The goal of this thesis is the development of scalable, low cost synthesis of metal oxide nanostructures based electrodes and to correlate the chemical modifications with their energy conversion performance. Methods in energy conversion in this thesis have focused on two aspects; a potentiometric chemical sensor was used to determine the analytical concentration of some components of the analyte solution such as dopamine, glucose and glutamate molecules. The second aspect is to fabricate a photo-electrochemical (PEC) cell. The biocompatibility, excellent electro-catalytic activities and fast electron transfer kinetics accompanied with a high surface area to volume ratio; are properties of some metal oxide nanostructures that of a potential for their use in energy conversion. Furthermore, metal oxide nanostructures based electrode can effectively be improved by the physical or a chemical modification of electrode surface. Among these metal oxide nanostructures are cobalt oxide (Co3O4), zinc oxide (ZnO), and bismuth-zincvanadate (BiZn2VO6) have all been studied in this thesis. Metal oxide nanostructures based electrodes are fabricated on gold-coated glass substrate by low temperature (< 100 0C) wet chemicalapproach. X-ray diffraction, x-ray photoelectron spectroscopy and scanning electron microscopy were used to characterize the electrodes while ultraviolet-visible absorption and photoluminescence were used to investigate the optical properties of the nanostructures. The resultant modified electrodes were tested for their performance as chemical sensors and for their efficiency in PEC activities. Efficient chemically modified electrodes were demonstrated through doping with organic additives like anionic, nonionic or cationic surfactants. The organic additives are showing a crucial role in the growth process of metal oxide nanocrystals and hence can beused to control the morphology. These organic additives act also as impurities that would significantly change the conductivity of the electrodes. However, no organic compounds dependence was observed to modify the crystallographic structure. The findings in this thesis indicate the importance of the use of controlled nanostructures morphology for developing efficient functional materials.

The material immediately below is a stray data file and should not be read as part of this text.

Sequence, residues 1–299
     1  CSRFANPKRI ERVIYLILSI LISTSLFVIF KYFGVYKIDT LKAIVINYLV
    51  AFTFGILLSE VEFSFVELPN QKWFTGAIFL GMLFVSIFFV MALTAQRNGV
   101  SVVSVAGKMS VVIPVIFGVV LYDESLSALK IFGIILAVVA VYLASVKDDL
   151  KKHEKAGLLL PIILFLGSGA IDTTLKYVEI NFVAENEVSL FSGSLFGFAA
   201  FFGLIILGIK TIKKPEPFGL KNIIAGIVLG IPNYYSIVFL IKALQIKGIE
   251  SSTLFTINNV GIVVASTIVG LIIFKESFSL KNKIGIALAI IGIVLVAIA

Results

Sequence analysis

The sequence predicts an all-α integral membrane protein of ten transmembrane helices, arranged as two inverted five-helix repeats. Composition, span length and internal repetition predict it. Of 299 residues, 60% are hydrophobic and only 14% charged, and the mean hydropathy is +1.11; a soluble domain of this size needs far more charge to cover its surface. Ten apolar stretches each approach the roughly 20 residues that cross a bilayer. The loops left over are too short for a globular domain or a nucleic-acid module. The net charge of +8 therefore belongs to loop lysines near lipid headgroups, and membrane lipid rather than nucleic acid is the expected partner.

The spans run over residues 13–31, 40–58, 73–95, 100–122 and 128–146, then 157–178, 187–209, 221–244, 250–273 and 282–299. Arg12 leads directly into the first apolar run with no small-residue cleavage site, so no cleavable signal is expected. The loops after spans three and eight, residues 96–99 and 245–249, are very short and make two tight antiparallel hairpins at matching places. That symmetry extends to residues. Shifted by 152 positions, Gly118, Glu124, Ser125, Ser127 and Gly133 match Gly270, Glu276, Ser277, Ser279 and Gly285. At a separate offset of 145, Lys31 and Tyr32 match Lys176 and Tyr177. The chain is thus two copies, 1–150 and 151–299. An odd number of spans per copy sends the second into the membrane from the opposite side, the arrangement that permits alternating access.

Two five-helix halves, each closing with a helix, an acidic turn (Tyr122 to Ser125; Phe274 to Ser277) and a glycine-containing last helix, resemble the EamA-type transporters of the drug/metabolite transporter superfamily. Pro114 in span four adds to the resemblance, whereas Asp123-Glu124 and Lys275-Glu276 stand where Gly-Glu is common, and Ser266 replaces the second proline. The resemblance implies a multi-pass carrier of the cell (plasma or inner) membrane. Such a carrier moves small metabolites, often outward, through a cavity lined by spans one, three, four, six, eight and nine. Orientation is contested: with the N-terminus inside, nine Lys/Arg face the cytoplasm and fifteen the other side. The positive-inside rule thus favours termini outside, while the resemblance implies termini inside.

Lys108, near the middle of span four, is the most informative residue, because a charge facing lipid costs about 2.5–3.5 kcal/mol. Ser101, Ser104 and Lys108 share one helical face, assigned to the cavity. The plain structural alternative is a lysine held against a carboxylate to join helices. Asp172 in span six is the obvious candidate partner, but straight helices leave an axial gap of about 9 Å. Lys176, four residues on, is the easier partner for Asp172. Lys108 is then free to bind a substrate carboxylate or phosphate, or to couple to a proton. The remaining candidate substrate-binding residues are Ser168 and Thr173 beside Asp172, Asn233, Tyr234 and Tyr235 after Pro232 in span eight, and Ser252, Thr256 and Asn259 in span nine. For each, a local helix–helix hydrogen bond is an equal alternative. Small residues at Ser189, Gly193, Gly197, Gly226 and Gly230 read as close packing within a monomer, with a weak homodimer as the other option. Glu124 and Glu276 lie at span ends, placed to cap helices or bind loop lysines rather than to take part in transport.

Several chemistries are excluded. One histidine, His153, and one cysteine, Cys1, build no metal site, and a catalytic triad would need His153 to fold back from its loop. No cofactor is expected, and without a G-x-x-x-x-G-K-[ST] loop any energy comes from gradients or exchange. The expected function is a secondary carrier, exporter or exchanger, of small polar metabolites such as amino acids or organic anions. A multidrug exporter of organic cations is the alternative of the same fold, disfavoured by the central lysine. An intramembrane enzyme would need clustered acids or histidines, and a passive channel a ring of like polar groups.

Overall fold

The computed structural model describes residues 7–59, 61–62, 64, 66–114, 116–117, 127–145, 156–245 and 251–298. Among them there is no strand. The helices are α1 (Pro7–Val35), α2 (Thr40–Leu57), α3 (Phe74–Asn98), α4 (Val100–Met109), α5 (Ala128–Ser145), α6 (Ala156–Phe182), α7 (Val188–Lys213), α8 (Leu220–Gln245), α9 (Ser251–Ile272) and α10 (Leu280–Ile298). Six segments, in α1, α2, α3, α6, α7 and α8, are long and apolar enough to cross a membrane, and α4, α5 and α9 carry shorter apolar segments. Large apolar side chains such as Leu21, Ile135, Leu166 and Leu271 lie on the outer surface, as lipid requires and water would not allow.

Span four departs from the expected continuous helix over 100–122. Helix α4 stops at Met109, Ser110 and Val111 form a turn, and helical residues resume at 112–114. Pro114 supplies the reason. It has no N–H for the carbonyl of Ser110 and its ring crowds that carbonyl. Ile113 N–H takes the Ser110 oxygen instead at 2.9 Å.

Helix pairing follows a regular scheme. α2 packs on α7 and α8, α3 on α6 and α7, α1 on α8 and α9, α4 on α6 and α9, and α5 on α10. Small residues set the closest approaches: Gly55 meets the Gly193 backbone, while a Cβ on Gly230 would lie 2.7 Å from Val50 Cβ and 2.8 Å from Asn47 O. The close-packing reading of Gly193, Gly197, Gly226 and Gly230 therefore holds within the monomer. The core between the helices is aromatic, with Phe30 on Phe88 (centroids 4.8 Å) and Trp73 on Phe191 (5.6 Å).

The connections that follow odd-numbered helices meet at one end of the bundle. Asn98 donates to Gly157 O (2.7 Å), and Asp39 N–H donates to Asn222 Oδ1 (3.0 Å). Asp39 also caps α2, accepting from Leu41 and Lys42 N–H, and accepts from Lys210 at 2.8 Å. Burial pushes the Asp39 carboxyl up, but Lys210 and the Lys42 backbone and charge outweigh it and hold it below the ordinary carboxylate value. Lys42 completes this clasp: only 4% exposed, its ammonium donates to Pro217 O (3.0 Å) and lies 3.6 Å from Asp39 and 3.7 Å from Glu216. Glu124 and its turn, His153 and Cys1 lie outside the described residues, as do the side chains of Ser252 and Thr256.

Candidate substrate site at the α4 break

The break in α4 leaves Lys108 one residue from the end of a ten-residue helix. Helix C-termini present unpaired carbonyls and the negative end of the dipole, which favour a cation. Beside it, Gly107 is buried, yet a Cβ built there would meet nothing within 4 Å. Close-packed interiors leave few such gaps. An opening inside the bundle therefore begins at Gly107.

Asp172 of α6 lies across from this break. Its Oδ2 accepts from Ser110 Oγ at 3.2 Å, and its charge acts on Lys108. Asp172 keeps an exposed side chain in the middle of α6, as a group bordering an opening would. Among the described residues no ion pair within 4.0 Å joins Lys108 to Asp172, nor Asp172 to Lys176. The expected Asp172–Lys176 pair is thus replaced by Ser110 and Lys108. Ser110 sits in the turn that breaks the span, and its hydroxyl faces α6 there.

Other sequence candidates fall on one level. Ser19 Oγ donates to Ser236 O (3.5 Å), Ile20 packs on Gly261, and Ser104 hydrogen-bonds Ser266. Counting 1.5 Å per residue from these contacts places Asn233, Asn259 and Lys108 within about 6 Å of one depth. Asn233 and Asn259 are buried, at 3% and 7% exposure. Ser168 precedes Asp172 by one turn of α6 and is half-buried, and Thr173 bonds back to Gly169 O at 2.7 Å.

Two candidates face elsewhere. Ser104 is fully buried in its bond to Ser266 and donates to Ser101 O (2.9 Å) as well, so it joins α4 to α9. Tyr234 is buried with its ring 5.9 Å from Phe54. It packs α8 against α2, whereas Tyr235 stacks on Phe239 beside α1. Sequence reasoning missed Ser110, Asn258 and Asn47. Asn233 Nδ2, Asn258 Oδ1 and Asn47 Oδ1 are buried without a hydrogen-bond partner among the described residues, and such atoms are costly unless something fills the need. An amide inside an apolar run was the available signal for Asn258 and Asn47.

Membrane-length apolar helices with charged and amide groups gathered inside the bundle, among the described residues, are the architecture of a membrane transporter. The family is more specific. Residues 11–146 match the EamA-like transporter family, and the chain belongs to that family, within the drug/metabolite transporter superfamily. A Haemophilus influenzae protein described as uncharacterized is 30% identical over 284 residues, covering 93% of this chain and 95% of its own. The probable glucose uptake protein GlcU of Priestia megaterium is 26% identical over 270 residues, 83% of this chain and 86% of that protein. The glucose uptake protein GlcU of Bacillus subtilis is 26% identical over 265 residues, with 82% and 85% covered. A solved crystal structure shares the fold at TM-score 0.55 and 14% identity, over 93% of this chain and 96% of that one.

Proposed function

Place, publisher, year, edition, pages